Professor Geoffrey Stone of the University of Chicago Law School has just posted his profoundly confused thoughts on the partial-birth abortion case. Stone first misrepresents the ruling in the case. If indeed there are exceptional circumstances in which partial-birth abortion is the safest method of abortion (the point, contrary to what Stone asserts, is hotly contested and, given the remarkable series of lies that opponents of the legislation have offered, their credibility is highly suspect), it is open to those so believing to show that and to carve out exceptions. Those attacking the law tried to use a facial challenge to invalidate the law in its entirety.
Stone then asks what explains the decision. His answer: The “painfully awkward observation” that “[a]ll five justices in the majority are Catholic” and “have failed to respect the fundamental difference between religious belief and morality.” His charge is as offensive as it is baseless. Consider:
1. The five justices in the majority were not imposing their own religious beliefs. They were deferring to the entirely reasonable moral judgments of the American people, manifested through bipartisan majorities in Congress. Justice Kennedy’s majority opinion explains that the law serves the proper governmental objective of expressing respect for the dignity of human life and of protecting the integrity of the medical profession. Stone may well disagree with those objectives, and he may well disagree that the law serves them, but it is absurd for him to contend that the five justices are imposing their own religious views when they let the democratically enacted law take effect.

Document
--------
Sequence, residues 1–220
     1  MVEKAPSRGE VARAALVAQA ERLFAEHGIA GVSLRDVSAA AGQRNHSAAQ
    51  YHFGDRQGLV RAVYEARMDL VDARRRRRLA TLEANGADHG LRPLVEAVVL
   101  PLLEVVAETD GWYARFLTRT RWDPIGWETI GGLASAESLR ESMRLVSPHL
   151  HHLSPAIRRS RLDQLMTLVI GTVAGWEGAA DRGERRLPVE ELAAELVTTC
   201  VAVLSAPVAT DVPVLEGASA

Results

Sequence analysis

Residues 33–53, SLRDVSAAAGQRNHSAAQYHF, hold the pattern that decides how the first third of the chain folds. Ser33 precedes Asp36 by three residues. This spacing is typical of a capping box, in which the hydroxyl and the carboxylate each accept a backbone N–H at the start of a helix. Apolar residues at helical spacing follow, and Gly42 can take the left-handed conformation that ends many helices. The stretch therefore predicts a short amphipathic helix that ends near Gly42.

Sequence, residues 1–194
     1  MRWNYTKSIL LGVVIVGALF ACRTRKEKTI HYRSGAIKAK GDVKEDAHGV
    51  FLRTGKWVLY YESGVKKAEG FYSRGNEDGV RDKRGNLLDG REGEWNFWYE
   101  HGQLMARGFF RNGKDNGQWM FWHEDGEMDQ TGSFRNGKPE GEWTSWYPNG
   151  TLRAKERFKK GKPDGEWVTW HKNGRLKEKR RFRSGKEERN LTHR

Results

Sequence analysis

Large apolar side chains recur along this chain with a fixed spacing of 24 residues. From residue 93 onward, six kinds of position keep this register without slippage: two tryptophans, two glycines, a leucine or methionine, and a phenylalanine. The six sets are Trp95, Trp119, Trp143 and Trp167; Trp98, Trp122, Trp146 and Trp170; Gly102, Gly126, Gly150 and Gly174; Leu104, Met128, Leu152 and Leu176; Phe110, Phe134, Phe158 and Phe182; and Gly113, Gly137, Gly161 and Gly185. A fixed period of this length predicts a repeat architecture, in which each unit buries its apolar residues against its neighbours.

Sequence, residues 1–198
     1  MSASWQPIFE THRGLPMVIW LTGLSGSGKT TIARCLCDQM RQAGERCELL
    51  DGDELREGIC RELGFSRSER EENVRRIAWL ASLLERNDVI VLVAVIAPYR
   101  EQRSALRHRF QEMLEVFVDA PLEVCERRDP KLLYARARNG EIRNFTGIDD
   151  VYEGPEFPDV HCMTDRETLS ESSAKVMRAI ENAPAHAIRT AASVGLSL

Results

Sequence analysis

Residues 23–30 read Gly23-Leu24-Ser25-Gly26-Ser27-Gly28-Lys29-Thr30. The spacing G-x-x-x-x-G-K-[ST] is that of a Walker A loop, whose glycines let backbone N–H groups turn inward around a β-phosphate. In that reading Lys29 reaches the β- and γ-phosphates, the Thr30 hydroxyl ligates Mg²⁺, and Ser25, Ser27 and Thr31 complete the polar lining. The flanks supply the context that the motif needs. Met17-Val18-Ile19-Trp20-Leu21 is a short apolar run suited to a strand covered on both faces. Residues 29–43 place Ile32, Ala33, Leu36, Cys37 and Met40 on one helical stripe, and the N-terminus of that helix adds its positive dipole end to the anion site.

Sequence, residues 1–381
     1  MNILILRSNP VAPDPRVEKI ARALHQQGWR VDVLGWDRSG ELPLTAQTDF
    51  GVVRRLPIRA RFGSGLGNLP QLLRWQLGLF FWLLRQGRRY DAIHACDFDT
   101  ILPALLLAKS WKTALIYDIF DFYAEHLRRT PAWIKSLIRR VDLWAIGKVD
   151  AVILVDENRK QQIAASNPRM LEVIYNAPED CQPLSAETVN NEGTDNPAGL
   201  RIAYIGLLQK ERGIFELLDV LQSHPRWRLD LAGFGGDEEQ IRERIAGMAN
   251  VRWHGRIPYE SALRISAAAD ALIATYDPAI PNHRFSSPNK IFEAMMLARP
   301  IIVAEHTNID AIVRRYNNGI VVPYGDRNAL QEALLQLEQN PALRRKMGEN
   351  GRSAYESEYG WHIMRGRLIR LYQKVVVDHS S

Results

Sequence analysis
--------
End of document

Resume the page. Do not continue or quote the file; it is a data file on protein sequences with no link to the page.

2. It is the four justices in dissent who have a consistent record of misconstruing the Constitution to impose their own substantive policy preferences. Stone claims that the dissenters “all voted in accord with settled precedent” but that precedent is neither settled nor faithful to the Constitution.
3. Stone presents his former boss, Justice Brennan, as a model of a Catholic justice
“separat[ing] his personal religious views from his views as a justice.” From Stone’s account, one would think that Brennan reluctantly joined Roe v. Wade because the Constitution compelled him to. That account is ridiculous at many levels. Whatever Brennan’s “personal religious views,” he plainly favored abortion as a matter of policy, and it’s clear that he was the moving force behind the ludicrous Roe opinion.